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React Refactoring Tips: Dysfunctional API Boundaries

beccaliz profile image Becca Bailey Updated on ・4 min read

We all have that friend. You know, the one who just can't get it together after years of trying. I know we love them anyway, but after getting involved in their problems enough times it's time to put up some boundaries to prevent their dysfunctional behavior from seeping into our own lives.

Sometimes I feel this way about an API. I don't want to slam the developers, the deadlines, or the technical requirements that got us into this situation, but it's bad. Maybe there is inconsistent data formatting between different endpoints, null or undefined values I'm not expecting, duplicated data, or flattened data that should be nested.

I have been reading Refactoring by Martin Fowler, and it has inspired me to share a few of my most common front-end refactoring strategies. Components that are a little too friendly with the API data is one of the most common problems I have seen (or created) in many codebases.

The Problem

Let's say I have two API endpoints: one that returns a logged-in user and another that returns the profile information for that user.

// GET /logged-in-user

{
  data: {
    id: "123",
    firstName: "Leslie",
    lastName: "Knope",
    email: "leslie@nationalparks.org",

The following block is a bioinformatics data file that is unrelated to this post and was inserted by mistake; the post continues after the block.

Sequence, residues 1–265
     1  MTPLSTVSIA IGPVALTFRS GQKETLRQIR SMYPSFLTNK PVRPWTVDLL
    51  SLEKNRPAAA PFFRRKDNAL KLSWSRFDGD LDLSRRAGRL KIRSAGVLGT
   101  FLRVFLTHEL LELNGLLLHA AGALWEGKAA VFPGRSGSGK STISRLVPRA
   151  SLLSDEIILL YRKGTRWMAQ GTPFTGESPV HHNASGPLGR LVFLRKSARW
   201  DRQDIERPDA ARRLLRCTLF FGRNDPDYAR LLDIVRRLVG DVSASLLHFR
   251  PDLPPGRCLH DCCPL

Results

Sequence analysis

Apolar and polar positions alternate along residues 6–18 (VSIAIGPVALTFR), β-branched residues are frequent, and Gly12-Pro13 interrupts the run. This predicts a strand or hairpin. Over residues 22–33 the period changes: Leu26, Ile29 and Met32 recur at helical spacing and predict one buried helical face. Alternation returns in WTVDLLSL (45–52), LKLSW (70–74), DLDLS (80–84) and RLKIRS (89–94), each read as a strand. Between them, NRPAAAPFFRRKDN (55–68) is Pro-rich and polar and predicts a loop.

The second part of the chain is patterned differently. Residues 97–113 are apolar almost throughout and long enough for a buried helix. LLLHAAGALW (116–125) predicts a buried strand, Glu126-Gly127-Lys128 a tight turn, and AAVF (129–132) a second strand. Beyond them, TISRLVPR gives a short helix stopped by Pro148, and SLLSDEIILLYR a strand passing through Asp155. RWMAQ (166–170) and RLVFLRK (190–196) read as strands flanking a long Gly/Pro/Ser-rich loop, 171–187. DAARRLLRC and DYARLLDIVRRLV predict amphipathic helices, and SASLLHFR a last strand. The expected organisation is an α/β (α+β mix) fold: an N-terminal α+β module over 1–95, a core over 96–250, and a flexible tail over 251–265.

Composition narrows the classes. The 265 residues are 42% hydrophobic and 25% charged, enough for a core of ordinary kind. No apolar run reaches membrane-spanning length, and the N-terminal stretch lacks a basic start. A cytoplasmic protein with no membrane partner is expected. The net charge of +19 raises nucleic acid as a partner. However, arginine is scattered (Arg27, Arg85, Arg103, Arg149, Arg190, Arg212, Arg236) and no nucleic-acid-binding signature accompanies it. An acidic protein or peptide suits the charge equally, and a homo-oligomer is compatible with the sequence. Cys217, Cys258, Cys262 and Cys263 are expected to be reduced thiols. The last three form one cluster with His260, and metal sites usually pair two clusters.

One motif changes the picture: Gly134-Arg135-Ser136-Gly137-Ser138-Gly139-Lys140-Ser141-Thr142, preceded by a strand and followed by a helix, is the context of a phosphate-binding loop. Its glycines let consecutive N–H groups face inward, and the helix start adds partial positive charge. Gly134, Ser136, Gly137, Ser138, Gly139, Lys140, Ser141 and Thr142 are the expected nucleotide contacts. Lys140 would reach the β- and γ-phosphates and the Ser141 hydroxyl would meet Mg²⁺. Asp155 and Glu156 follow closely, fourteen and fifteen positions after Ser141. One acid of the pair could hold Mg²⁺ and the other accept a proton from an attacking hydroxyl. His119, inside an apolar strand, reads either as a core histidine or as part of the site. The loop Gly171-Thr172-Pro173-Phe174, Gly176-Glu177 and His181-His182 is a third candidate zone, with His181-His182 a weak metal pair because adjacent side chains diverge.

}
}
// GET /profile/:id

{
  data: {
    userData: {
      userFirstName: "Leslie",
      userLastName: "Knope",
      userEmail: "leslie@nationalparks.org",
      userLastLoginDate: "1/15/2020",
      userBio: null,
      userAddress1: "123 Cherry Street",
      userCity: "Pawnee",
      userState: "Indiana",
      userZip: 46012
    }
  } 
}

On the alignment chart of bad APIs, I would probably consider this one a chaotic neutral. We have some inconsistent nesting, a non-ISO date format, and data attributes with different names, e.g. email vs userEmail. Overall though, it's pretty clear which attributes represent which values.

If I were designing these components based on the API response, I might have prop types that look like this.

type NavbarProps = {
  id: string,
  firstName: string,
  email: string,
  title: string,
  baseUrl: string,
  links: Array<{ text: string, url: string }>
}

type UserProfileProps = {
  userData: {
    userFirstName: string,
    userLastName: string,
    userEmail: string,
    userLastLoginDate: string,
    userBio?: string,
    userAddress1: string,
    userAddress2?: string,
    userCity: string,
    userState: string,
    userZip: number
  }
}

You can see that for both of these components, we're starting to have the "too many required props" problem. Martin Fowler calls this the "Long Parameter List" problem. Even though UserProfileProps only has one required prop, the userData object has lots of required fields.

The primary problem with long and inconsistent props is how hard they are to replicate quickly. Even with the help of Typescript or prop types to tell me when I'm getting it wrong, it's going to be a pain to recreate this API data every time I want to test this component or render it in Storybook.